As a practical matter, Moody's has almost completely curtailed the assignment of unsolicited ratings in recent years. This is primarily due to hostile reactions to such ratings from many quarters, including from issuers, intermediaries, lawmakers and some investors. Beginning in January 2000, Moody's announced that we would identify in initial rating assignments those unsolicited ratings for which the issuer did not request a rating and declined Moody's invitation to participate in the rating assignment process. In order to be so designated, a rating must satisfy each of the following requirements:
In such cases, the following statement will appear in the rating assignment press release:
III. Examination and Oversight of NRSROs
Moody's will not object to continuing oversight of the designated rating agencies so long as the oversight measures are limited and focused on designation criteria similar to those recommended in this response. We believe it to be rational for the Commission to wish to reassess periodically the compatibility of a recognized rating agency with such designation criteria.
We would further suggest that the regulatory oversight and examination regime should be commensurate with that which has been evidenced as necessary by the industry practice. To that end, should the Commission decide to pursue a designation system, we urge that the continuing oversight procedures be proportionately tailored for the rating agency industry. For instance, rating agency regulation should not be modeled after the auditing, investment banking, investment advisory or brokerage industries.
Any regulatory regime that may have the ramification of inhibiting rating agencies from issuing independent rating opinions does not serve the best interests of the market. To that end, Moody's would recommend that the Commission carefully balance the public interest in oversight with the public interest in fearless and robust information gathering, analysis, and dissemination by the agencies.
A. Increased Exposure to Litigation Will Have a Chilling Effect
1. Appropriate liability standard for opinions
A credit rating is an opinion about the future,19 not a statement of fact, about the ability of a company to meet its debt obligations in a timely manner. It is based on information the agency has gathered and analyzed. It is forward-looking and predictive, resting on the agency's assessment of the information it has gathered, and in light of the agency's experience in rating other companies. Credit ratings provide only one element in support of the investment decision-making process. They are not, nor should they be treated as, recommendations, guarantees or statements of historical fact. Therefore, ratings should not be exposed to a liability standard that treats them as something they are not and have never purported to be.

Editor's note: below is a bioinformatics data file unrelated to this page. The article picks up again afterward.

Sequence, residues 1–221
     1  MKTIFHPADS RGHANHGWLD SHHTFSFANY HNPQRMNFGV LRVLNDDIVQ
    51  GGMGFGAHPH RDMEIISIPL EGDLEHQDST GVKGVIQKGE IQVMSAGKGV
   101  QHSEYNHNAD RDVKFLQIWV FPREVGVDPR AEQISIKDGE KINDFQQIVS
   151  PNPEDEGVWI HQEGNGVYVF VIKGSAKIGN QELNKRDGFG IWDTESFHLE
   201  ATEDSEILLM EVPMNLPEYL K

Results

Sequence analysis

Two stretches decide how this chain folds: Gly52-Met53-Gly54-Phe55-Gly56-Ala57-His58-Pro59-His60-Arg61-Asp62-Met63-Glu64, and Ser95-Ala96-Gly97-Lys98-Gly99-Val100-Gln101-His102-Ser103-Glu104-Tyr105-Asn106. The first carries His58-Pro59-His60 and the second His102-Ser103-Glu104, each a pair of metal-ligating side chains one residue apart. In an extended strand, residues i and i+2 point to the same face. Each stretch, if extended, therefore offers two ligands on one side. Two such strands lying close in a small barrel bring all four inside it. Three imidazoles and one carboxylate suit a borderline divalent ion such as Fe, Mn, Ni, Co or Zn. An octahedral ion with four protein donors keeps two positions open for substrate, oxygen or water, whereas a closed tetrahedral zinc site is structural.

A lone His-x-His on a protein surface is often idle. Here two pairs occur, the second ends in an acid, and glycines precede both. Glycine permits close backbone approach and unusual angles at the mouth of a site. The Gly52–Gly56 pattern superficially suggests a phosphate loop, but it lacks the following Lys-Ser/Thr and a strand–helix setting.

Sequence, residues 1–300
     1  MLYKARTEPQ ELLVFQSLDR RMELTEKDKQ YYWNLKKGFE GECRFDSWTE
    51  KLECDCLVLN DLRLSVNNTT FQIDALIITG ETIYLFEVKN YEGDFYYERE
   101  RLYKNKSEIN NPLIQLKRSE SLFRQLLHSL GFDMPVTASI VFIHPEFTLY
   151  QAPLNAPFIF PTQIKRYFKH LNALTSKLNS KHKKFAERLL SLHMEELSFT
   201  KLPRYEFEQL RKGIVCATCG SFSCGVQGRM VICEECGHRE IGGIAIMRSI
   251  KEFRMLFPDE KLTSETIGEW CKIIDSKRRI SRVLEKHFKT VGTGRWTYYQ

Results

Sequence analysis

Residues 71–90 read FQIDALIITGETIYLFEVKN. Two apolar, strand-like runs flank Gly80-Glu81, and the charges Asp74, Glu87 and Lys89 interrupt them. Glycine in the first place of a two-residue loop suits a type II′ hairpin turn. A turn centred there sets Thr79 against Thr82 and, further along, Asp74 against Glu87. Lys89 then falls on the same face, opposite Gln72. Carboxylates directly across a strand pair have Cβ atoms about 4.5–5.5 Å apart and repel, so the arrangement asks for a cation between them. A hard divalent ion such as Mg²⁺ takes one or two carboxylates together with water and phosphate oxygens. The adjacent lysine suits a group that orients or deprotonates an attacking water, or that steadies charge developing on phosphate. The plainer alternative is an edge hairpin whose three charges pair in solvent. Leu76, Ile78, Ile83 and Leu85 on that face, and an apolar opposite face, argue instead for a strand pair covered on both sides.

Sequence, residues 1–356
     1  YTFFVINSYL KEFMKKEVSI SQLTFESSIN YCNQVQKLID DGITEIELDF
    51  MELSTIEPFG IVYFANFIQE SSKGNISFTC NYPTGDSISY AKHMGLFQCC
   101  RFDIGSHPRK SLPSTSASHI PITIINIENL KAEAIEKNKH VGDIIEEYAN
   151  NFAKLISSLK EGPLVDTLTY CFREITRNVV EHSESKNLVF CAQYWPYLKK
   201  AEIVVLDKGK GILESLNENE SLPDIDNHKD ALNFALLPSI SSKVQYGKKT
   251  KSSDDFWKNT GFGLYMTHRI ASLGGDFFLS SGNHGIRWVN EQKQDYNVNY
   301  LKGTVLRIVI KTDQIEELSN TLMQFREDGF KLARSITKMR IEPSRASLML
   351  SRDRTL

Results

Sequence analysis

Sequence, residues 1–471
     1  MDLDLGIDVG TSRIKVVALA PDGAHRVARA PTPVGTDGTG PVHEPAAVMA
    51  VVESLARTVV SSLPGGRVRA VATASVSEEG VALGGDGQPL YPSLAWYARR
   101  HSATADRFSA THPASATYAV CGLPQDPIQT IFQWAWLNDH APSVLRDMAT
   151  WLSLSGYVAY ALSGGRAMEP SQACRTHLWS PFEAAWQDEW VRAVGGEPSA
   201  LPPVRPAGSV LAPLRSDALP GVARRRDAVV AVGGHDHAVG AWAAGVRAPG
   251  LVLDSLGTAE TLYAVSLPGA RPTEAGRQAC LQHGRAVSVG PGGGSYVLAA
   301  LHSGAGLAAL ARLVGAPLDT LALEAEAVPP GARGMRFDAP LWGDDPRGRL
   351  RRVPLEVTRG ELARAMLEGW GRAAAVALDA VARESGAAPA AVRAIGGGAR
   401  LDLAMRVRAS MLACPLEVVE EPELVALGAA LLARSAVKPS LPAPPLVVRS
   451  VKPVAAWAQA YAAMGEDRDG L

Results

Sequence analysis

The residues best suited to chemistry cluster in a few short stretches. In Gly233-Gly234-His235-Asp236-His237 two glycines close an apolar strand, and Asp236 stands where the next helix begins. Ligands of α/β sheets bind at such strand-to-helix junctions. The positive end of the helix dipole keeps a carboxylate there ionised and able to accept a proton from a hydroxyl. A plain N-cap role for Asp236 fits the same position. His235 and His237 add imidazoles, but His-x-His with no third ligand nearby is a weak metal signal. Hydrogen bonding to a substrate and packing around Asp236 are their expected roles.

A well-reasoned opinion may nevertheless be disagreed with by others, or may not in the end "come true." By way of example, no one can predict the future and similar to an insurance company which is uncertain as to exactly which holder will in fact draw on its policy, a rating agency is uncertain about exactly which issuer will default. However, insurance companies over time have learned to correlate certain factors with longevity and to assign greater or lesser weight to each factor. Thus, they know that over the next five years more 80 year-old smokers will die than 20 year-old non-smokers; and they know that over the same time period some 80 year-olds will live and some 20 year-olds will not. However, they simply cannot name names. Rating opinions are analogous to actuarial opinions in this regard.20
Further, because ratings are at their core opinions, and speech on matters of public concern, they fall squarely under the protection of the First Amendment of the U.S. Constitution. It is the fundamental premise of that Amendment that "the marketplace of ideas"21 thrives only when opinion providers have the "breathing space"22 to express their thoughts without fear of retribution. An opinion (unlike a statement of fact) cannot be "true" or "false."23 As such, the First Amendment has over time been interpreted to provide ratings with substantial protection from liability. The rating agency is entitled to decide what information to take into account, what weight to place on it, and what conclusions to draw from it.
Finally, it is the rating agency's task to make unbiased and sometimes unpopular observations regarding powerful and prestigious issuers. It is in the nature of the business that our opinions are at times neither welcomed nor applauded - not by the issuers, underwriters, governments, or current holders of the issuer's securities. We are not aware of a single instance where an issuer publicly stated that the rating of its company was too high or that a downgrade was needed. The unpopularity of some of our opinions is understandable. If, for example, an issuer's obligations are downgraded it may impact the issuer's borrowing costs, or an investment manager's ability to hold the security of that issuer. The issuer or investor may, therefore, be frustrated with our rating opinion and may contest the "rightness" of our rating.